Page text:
Several readers pointed out that in my discussion on the market share of modular vs. inter-dependent market shares for smartphones, Nokia was incorrectly classified as having an inter-dependent software architecture since the Symbian platform is/was a modular component.
The problem is that the relationship between Symbian and Nokia is not that of independent modules. Nominally, the two are independent and mutually exclusive, but, in practice, Symbian has always been so heavily dependent and influenced by Nokia that it’s never been possible to declare its governance fully independent. Continue reading “Were Nokia and Symbian always inter-dependent?”
ZDNet reports Sony Ericsson are abandoning Symbian for Android, and Samsung headed down the Android and Bada road a while back. There are precious few device manufacturers remaining as foundation members, e.g. ZTE, Sharp and Compal, none of whom are exactly trend-setting industry leaders.
via The Symbian open source experiment has failed [Gartner].
I was going to ask what happened to ‘Open always wins?’ but decided against it.
What I will say is that open sourcing Symbian was not a new beginning for the platform but the beginning of the end. I don’t think anybody seriously considered it a viable multi-vendor platform, least of all Nokia.
Following up on survey data showing that up to 25 percent of Americans have moved to smartphones, here is another survey (Comscore) which shows that US smartphone users are at about 23 percent.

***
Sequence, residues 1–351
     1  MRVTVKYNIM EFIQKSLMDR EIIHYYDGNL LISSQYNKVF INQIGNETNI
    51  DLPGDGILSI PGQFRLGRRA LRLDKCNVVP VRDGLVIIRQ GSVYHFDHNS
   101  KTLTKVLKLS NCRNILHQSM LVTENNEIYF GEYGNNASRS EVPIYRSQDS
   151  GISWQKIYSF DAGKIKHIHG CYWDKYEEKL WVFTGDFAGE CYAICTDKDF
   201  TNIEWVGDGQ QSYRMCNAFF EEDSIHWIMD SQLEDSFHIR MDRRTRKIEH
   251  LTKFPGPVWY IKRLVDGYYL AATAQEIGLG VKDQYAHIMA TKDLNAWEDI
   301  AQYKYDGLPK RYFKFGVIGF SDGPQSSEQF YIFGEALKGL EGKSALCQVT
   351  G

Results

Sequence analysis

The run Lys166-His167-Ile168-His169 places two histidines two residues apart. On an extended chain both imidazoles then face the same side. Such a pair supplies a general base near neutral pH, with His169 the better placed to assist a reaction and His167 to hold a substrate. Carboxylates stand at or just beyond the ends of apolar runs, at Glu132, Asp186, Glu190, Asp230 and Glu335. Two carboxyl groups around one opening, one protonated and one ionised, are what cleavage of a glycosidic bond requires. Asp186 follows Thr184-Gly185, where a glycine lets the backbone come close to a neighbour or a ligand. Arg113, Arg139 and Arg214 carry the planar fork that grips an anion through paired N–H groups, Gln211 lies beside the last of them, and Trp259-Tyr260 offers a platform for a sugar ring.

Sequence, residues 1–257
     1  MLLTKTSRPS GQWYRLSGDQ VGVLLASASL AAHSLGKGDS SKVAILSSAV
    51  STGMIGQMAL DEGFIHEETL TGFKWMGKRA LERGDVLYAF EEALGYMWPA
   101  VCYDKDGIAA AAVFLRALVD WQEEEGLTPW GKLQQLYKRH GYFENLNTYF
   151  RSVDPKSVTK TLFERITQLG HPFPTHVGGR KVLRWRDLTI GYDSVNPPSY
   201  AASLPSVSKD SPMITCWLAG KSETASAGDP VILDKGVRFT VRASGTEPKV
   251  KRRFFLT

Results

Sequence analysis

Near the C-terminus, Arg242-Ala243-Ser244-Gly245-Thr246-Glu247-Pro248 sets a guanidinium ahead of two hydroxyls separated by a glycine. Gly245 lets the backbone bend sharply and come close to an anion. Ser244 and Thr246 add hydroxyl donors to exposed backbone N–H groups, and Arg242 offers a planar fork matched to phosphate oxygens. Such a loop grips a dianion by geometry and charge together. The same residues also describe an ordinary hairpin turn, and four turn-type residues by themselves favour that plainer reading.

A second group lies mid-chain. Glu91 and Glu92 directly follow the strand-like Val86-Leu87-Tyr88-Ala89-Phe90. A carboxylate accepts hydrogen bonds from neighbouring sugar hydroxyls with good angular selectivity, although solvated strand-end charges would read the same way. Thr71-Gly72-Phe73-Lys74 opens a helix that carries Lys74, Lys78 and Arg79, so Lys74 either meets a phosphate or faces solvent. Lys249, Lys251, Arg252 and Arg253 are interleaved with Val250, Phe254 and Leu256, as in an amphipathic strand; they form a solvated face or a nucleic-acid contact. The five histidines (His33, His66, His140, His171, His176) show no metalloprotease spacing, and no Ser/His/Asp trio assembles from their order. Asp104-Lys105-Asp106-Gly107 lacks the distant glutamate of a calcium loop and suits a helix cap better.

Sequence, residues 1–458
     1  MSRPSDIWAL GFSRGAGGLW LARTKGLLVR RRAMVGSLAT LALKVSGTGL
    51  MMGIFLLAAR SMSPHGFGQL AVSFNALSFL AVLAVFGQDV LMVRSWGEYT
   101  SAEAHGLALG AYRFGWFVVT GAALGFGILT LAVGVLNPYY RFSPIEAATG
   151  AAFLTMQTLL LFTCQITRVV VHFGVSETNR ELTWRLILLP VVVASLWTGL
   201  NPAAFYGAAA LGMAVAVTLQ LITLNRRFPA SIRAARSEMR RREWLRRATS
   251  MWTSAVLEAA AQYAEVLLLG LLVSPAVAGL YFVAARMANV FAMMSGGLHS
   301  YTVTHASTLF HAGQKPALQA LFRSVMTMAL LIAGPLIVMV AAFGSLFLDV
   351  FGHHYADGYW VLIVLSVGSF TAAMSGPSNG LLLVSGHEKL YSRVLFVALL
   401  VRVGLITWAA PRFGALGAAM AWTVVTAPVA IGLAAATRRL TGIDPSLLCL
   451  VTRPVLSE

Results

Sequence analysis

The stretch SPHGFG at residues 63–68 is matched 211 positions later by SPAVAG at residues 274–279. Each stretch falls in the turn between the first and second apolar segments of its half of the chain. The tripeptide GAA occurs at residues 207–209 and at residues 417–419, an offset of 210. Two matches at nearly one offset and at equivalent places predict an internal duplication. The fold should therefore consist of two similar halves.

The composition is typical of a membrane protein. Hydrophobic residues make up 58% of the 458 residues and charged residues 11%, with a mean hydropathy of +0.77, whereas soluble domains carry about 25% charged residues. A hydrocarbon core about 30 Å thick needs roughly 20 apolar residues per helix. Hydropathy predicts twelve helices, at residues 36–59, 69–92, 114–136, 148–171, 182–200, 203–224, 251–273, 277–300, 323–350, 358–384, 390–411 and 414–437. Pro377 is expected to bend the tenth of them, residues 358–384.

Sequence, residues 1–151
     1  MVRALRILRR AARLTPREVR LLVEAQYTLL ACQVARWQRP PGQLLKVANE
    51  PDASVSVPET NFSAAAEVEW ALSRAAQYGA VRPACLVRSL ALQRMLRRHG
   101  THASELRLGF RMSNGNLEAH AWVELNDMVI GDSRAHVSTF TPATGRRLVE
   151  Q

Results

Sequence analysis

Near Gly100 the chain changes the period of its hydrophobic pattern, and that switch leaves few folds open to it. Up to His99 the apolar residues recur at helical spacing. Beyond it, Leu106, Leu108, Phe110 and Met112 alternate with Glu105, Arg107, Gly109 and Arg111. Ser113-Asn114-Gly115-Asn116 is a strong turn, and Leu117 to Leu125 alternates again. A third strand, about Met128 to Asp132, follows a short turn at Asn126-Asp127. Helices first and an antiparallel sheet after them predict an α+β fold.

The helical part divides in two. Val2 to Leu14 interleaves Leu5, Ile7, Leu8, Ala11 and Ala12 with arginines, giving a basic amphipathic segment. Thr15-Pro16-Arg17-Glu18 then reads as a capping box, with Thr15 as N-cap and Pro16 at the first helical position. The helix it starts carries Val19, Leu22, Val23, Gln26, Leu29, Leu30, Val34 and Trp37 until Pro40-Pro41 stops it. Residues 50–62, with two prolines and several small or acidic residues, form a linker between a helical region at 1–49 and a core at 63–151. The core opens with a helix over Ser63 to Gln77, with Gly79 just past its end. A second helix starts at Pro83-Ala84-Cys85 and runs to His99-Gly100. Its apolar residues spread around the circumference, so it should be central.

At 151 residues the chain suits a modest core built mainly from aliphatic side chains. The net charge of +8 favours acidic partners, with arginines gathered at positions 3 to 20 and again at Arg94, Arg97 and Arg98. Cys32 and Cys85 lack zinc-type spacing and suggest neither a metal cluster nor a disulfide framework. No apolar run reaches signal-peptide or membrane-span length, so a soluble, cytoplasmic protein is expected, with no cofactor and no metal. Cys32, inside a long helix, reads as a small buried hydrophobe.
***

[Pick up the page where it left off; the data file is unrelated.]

Comscore also surveyed European countries, and we can compare the popularity of smartphones vs. the US.
I also indexed the share to population to show the relative populations of smartphone users across these countries.
It may come as a surprise to some that smartphones are more popular in the UK, Spain and Italy than in the US. Considering that these are countries with lower levels of disposable income, and that in Italy and Spain pre-paid plans are overwhelmingly more popular. Buyers in those countries are much more likely to pay full, unsubsidized prices plus 20% or more VAT. Overall the price differential for an Italian buying a smartphone vs. an American is likely to be a factor of 5. It gets even more peculiar when you consider that many Italians have more than one phone, with overall phone line penetration above 100%.
The explanation for this remarkable appetite for smartphone goodness is the early lead that Symbian had in Europe. Buyers who entered the phone market ten years ago became accustomed to upgrading their Nokia phones. Symbian phones were aspirationally positioned as feature-rich camera and messaging devices. Many were also purchased without data plans and were thus used as high-end feature phones. In other words, consumers in those countries were comfortable paying full price for unlocked Nokia devices and using them with multiple SIM cards.